Now THAT’S a Perfect Burrito!

I arrived at the Las Vegas airport before dawn and decided to grab some food before my flight to San Antonio. A sign for breakfast burritos caught my eye. My order was steak, eggs, cheese, and green salsa, filled by a woman who wore a black COVID mask. She deftly browned the tortilla on a large skillet, ladled the ingredients inside, then folded it with a flourish, lifting it for me to see.

“Now that’s a perfect burrito,” she said with a laugh.

I looked at its round curvature and finely tucked edges.

“It is indeed,” I replied with a chuckle. “Fit for a promo video!”

She laughed again, bagged my prize, then handed it to me. I paid my bill and walked away, but her comment stuck with me.

Why? Let me explain.

Mindfulness of the here and now is beautiful, even necessary, and people use various techniques to increase their mental acuity. Meditation, yoga, walks in nature, even apps designed to interrupt our daily tasks and refocus our attention.

Whatever the method, may they help us pass the most enduring test—to find pleasure in the midst of the mundane. To become present as we mow our lawns, change our baby’s diapers, wait at stoplights, or load our dirty laundry. These are the moments that make up our lives.

The woman who served my breakfast may feel that she’s found her life’s calling, but I highly doubt it. Most likely she is performing a minimum wage job filled with a vastness of potential tedium.

And yet, the finely crafted burrito, brandished for me to see! A flash of humor and celebration! With gratitude, I let her enthusiasm enrich my own enjoyment of the moment.

As my plane lifted into a sky filled with clouds, my mind cast back to another person whose presence in his routine lifted the spirits of countless people. He was a toll booth operator on the Richmond-San Rafael Bridge, northernmost span across the San Francisco Bay. During a year of my seminary education, I used that passage to attend my internship. My return trips coincided with his evening shift.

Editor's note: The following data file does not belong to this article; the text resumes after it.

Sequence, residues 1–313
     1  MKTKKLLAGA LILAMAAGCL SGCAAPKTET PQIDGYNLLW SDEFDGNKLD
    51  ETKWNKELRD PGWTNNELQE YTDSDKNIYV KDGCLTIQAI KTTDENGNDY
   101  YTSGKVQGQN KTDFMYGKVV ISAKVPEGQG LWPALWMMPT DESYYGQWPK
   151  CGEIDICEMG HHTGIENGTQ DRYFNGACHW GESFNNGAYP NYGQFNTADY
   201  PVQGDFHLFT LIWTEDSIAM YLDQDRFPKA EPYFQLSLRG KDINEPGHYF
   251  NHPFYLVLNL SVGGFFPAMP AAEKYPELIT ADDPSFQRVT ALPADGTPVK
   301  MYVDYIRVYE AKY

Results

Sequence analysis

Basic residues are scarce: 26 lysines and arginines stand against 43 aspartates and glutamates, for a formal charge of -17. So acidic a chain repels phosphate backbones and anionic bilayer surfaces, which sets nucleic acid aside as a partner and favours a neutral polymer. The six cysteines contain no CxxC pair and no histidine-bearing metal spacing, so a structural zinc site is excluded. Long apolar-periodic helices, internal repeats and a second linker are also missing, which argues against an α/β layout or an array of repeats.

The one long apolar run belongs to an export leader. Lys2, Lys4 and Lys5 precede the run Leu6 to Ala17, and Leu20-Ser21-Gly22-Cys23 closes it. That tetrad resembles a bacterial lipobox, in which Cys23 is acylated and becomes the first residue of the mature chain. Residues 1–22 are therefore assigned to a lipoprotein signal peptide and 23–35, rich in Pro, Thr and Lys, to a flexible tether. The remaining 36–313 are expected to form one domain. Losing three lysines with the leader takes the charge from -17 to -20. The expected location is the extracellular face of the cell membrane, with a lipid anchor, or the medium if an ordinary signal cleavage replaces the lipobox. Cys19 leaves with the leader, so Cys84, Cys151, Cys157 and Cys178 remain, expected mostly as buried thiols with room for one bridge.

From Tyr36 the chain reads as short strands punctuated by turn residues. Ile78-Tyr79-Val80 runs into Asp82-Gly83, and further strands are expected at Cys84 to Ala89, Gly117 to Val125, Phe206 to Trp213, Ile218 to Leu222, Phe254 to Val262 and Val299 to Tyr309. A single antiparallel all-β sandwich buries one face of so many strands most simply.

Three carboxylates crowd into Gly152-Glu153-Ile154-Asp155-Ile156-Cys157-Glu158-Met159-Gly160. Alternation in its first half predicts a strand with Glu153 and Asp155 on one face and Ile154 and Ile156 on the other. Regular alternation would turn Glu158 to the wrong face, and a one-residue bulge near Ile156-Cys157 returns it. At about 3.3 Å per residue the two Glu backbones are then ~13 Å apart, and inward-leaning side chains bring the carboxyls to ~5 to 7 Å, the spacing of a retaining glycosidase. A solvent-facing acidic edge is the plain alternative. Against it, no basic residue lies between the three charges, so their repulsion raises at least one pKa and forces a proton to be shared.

I would pull up, offer my fare, and he would do two things EVERY TIME. First, he would make direct eye contact. Secondly, he would say, “You have a blessed evening.” Words like that sound hollow if offered superficially. From him they always seemed sincere. And their effect on me was like a tonic, turbocharging the rest of my drive across the bridge, a shining example of how small gestures offered in the crush of daily life can radiate positivity to others.

In one of my most popular posts from 2020, The Unspiritual Spirit, I quoted the late Thich Nhat Hanh about his fellow community members at the International Plum Village Community of Engaged Buddhism. These are words worth repeating.

“When we wash dishes…it is to live every minute of the washing. Wash each bowl…in such a way that joy, peace, and happiness are possible. Imagine you are giving a bath to the baby Buddha. It is a sacred act. I have arrived. I am home. Through these two phrases, you can experience a lot of joy and happiness.”

After my return to the Alamo City, I spent the next day planting spring flowers in my backyard. I always mix a blend of potting soils in a large container, running my fingers through the granular dirt, kneading it like a baker. This time, I lifted a handful, remembering the face of that woman at the Las Vegas airport.

I laughed and said, “Now that’s a perfect fistful of soil!”

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